In the evening, have dinner in one of the small restaurants around the pretty Chorro de Quevedo Plaza close to the hotel or go to the venerable La Puerta Falsa (established 1816) near the main plaza for tamales (corn, peas, egg and meat mush wrapped in a banana leaf).

The coffee triangle

Day 3

Fly to Pereira (one hour) in the middle of the so-called eje cafetero – coffee triangle or axis – which it forms with the cities of Armenia and Manizales. Of all Colombia’s regions this one is perhaps the easiest on the eye, thanks to the backdrop of hazy mountains, gentle slopes clad in coffee bushes, paso fino horses, and small Willys Jeeps whizzing around carrying beans, bananas and workers. Spend your first day visiting the Flora and Fauna Sanctuary of Otún Quimbaya with a birding guide (book through Manakin, a specialist firm runby naturalist Luis Urueña; manakinnaturetours.com).

En route, pop into Salento, enjoying a coffee break at the pretty Jesús Martín café – expert baristas can create any type of coffee you fancy using beans from the irown finca. In the evening, book into Sazagua, a 15-room rural hotel set in beautiful tropical gardens, with a pool and excellent restaurant.

Colombia's coffee landscape is Unesco protected - getty
Colombia's coffee landscape is Unesco protected - getty

Day 4

Drive slowly north east towards Manizales, arriving for lunch at Hacienda Venecia (haciendavenecia.com), which will beyour lodging for tonight. Surrounded by coffee plantations, this gorgeous country house was made using the bahareque technique, with walls of clay and bamboo andred-tiled roofs.

The main house has just six cosy bedrooms and a lovely dining room where you’ll be served a traditional lunch of ajiaco (chicken and potatosoup). After dinner, stroll around the grounds before walking over to the coffee lounge for a guided walk.

Colombia’s coffee landscape is listed by Unesco, and there’s nothing like sipping a fine single estate surrounded by the glossy dark-green plants sagging with ripe beans. Manizales is just 11 miles away if you fancy a dinner out or a few glasses of aguardiente while shaking your salsa soul.

Day 5

Today involves a longish drive (four to five hours on slow roads), as you take in the agricultural heartland of Antioquia. Combined with the coffee region, this area is known as the home of the Paisas – a nickname for country dwellers, perceived across Colombia as hardworking, honest folk.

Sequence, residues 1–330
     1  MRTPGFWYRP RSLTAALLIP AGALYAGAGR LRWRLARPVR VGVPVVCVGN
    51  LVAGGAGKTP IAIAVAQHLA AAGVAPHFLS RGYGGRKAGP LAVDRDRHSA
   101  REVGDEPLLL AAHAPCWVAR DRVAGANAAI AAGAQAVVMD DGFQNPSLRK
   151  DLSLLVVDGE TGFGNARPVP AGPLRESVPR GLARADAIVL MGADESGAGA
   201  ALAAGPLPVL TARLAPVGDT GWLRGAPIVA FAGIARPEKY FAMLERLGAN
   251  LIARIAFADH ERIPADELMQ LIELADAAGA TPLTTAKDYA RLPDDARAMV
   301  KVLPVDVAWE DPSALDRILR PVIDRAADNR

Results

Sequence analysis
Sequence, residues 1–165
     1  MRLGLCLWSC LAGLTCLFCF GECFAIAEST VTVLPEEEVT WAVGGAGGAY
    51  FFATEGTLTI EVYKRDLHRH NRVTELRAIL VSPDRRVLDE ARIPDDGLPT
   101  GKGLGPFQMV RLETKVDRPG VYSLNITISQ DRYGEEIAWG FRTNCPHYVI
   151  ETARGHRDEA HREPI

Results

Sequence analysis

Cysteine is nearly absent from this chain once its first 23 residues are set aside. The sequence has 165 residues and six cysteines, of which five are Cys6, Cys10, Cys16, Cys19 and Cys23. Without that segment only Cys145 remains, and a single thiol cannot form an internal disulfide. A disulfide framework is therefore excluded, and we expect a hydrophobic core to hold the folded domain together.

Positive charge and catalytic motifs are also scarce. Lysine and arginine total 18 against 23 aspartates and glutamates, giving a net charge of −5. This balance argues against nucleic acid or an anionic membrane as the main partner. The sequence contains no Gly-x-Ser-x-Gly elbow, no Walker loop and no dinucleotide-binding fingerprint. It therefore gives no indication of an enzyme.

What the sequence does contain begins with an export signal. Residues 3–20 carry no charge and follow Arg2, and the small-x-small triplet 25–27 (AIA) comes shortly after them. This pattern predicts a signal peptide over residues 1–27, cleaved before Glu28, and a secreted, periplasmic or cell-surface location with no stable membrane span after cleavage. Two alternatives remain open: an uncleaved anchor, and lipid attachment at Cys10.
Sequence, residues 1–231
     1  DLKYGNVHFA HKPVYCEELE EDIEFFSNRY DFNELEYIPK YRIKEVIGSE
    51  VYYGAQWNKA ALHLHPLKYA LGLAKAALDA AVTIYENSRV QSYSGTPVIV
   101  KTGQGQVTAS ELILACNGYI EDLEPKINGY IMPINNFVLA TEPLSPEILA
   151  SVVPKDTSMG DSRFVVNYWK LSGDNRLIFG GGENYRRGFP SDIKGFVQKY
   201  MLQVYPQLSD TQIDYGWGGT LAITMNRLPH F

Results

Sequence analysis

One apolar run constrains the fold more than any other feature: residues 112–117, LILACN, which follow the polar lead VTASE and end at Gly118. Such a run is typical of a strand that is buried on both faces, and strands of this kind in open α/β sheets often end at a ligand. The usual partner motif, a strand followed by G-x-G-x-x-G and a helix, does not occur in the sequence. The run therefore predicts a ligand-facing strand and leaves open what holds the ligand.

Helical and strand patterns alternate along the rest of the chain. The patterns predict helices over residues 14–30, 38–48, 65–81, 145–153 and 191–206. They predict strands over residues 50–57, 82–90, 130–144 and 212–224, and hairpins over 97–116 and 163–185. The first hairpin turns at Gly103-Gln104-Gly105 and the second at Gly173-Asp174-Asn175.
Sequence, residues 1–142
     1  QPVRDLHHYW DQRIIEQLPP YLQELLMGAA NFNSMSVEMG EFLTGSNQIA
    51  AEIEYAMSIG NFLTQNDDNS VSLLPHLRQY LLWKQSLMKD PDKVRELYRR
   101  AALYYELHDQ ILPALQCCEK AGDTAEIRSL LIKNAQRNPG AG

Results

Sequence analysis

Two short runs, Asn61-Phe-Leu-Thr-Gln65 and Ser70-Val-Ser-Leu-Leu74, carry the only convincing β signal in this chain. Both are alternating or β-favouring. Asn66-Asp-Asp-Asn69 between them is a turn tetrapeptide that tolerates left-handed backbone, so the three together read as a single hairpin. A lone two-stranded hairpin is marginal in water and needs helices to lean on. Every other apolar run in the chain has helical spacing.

Make sure you try the bandeja paisa, a celebrated protein and carb power dish of beans, pork, fried egg, plantain, sausage, black pudding and rice. Check in to the Hotel Jardín (hoteljardin.com.co) on the main plaza of Jardín, one of the quaintest towns in this country. As the name gives away, this is the “garden” of Antioquia, and above the town are emerald-green mountains. A birding guide will take you up to orchid-filled upland forests nearby in a Willys Jeep to see euphonias, hummingbirds, cotingas and – with luck – the endangered yellow-eared parrot.

Few countries have as many species of bird - getty
Few countries have as many species of bird - getty

Medellín: the miracle city

Day 6

Drive to Medellín, a city that was once known as the world’s “murder capital” and the power base of notorious cartel boss Pablo Escobar, but is now one of the most forward-looking, creative cities in Latin America.

Check in to the Charlee Hotel for two nights. This imposing tower, in the hip Parque Lleras neighbourhood, has designer bedrooms and huge balconies. Ask for an upper floor to enjoy big views over the city; there is a lounge/bar on the 17th and 18th floors, and an aquarium-style pool.

Spend the day exploring the open-air Botero sculptures on downtown Botero Plaza, Parque Berrío and Plaza de San Antonio. On the latter you’ll see two bronze birds: one was blown up in 1995, allegedly by a Farc bomb, and has been left here as a “homage to the barbarians”.

Less ominous are the sensitively conceived civic spaces around the science museum, including a Barefoot Park where locals go to hug trees and soothe their office-worn feet in fresh fountains. The modern art museum is also well worth a visit. In the evening, stroll around Parque Lleras, which has dozens of independent boutiques, cool cafés and restaurants. If you want Colombian food, including traditional tripe soup, head for Mondongos (mondongos.com.co).